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Planning help at Newcastle University


Negotiations for the Chair of Inorganic Chemistry at Newcastle University
Norman Greenwood Scientist
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In negotiating for the Chair, I was asked by Professor Wynne-Jones who was the Chairman of the School of Chemistry... I said, ‘Well, what is the relationship between the lecturing and the research of inorganic chemistry, which is a new department, with organic chemistry under Jim Baddiley, and physical chemistry under yourself, Wynne-Jones?’ And he said, ‘Well, what do you think it should be?’ And I said, ‘Well, I think the simplest arrangement is a third, a third, a third’. And he gulped and said, ‘Well that’s not usual, is it?’ And so I said, ‘No, but we want to be in the lead, as we were becoming a new university’. And so he said, ‘Alright, if you think that’s right, that’s what you’ll have’. So I was very pleased about that and, in fact, I have to say that Wynne-Jones, who later became Lord Wynne-Jones under Harold Wilson’s regime, stuck religiously to that – he gave me enormous support in starting up there. We had to build new laboratories in the Armstrong building, part of the Arts block actually, and they were put in charge whilst I was... before I’d come up there, and Jim Baddiley went along with the idea as well. So, in fact, we had a group of three chairs in, if you like, a federal School of Chemistry. And that was an importance advance, I think, for inorganic chemistry because, up until that stage, although as I said there were a few chemistry departments that had inorganic chemists in them, very frequently the inorganic chemistry in other universities was a very minor adjunct, particularly in the early years so there was no research group from final year and so forth. And that we were able to establish, at a stroke, as they say.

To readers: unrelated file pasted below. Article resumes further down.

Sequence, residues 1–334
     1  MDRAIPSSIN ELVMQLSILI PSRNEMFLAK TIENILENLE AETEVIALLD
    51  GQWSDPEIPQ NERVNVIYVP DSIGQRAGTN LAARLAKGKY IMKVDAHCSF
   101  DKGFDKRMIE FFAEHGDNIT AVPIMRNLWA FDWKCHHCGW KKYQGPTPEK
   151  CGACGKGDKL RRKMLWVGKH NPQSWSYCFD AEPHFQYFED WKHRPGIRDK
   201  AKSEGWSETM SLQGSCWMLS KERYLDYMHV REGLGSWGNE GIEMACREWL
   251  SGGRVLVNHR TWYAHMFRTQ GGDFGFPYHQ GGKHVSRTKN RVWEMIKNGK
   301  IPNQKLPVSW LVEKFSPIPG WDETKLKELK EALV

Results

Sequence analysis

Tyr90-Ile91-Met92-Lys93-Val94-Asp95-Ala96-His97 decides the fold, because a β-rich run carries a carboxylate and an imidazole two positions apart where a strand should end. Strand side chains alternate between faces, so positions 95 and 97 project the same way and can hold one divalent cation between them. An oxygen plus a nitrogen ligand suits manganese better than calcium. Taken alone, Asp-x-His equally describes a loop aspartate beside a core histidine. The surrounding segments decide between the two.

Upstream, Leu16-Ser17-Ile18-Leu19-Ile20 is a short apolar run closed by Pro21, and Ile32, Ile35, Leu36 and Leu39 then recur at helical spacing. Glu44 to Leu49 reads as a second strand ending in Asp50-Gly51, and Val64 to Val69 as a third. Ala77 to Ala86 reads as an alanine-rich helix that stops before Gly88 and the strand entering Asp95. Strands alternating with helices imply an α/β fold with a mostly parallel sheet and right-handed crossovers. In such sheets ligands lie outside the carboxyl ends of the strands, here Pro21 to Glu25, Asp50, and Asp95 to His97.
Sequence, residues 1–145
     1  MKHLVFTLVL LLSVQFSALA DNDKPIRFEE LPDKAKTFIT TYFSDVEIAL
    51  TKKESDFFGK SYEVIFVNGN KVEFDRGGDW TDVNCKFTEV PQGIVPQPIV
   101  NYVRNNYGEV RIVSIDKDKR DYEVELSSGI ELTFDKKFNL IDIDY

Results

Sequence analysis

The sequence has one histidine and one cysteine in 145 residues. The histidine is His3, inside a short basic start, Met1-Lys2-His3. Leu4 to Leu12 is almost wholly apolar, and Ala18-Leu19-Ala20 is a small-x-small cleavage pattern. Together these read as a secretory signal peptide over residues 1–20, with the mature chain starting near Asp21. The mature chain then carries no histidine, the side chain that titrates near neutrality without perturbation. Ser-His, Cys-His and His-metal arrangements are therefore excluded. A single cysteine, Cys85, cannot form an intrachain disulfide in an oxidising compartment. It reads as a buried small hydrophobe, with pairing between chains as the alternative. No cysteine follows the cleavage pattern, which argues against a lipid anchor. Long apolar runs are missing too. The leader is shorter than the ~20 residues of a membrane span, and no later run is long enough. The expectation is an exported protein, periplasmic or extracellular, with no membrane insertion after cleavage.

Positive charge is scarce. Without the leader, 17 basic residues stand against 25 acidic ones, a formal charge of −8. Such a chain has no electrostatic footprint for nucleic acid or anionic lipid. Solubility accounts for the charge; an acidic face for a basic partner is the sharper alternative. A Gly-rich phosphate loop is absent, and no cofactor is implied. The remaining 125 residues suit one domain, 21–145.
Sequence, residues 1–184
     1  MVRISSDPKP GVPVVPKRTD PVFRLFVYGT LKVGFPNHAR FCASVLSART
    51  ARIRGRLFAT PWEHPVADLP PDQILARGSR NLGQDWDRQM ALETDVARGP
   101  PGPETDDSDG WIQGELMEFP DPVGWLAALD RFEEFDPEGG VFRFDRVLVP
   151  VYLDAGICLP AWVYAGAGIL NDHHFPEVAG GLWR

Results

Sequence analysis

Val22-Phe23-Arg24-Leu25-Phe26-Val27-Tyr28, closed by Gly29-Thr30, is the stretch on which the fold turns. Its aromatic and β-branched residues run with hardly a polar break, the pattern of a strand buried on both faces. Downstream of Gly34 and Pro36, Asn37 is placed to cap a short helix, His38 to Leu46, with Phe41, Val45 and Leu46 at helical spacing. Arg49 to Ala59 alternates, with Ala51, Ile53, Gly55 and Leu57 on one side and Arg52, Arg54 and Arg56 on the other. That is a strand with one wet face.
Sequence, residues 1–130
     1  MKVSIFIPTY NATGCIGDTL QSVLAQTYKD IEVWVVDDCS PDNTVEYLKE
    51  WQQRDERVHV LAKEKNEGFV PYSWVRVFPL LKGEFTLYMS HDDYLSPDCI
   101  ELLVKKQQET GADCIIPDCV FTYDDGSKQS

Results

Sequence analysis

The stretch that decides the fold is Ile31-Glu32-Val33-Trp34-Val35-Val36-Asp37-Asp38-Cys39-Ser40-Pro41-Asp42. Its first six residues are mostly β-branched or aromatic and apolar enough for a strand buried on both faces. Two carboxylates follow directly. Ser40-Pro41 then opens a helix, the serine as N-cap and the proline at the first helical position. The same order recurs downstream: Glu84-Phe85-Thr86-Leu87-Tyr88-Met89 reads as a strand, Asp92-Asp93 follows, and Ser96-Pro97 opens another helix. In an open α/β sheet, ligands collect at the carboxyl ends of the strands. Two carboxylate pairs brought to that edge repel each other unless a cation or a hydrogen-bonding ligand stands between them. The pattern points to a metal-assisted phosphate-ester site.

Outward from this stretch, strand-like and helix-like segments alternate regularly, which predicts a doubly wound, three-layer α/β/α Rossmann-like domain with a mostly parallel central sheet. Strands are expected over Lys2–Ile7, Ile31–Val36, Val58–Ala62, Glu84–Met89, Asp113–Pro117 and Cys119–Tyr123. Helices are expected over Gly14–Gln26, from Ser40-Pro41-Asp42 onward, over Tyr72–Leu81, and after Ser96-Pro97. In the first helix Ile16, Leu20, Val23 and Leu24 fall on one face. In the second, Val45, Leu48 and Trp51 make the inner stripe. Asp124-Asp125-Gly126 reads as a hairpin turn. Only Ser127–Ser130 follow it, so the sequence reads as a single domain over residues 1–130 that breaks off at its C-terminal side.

Norman Greenwood (1925-2012) was born in Australia and graduated from Melbourne University before going to Cambridge. His wide-ranging research in inorganic and structural chemistry made major advances in the chemistry of boron hydrides and other main-group element compounds. He also pioneered the application of Mössbauer spectroscopy to problems in chemistry. He was a prolific writer and inspirational lecturer on chemical and educational themes, and held numerous visiting professorships throughout the world.

Listeners: Brian Johnson

Professor Brian FG Johnson FRS, FRSE, FRS Chem, FAcad Eu, FAS. Professor of Inorganic Chemistry University of Edinburgh 1991-1995, Professor of Inorganic Chemistry University of Cambridge 1995-2005, Master Fitzwilliam College Cambridge 1999-2005. Research interests include studies of transition metal carbonyls, organometallic chemistry, nano- particles and homogeneous catalysis. Professor Johnson is the author of over 1000 research articles and papers.

Tags: Lord Wynne–Jones of Abergele, Professor Wynne-Jones, James Baddiley, Professor Sir James Baddiley

Duration: 2 minutes, 10 seconds

Date story recorded: May 2011

Date story went live: 25 November 2011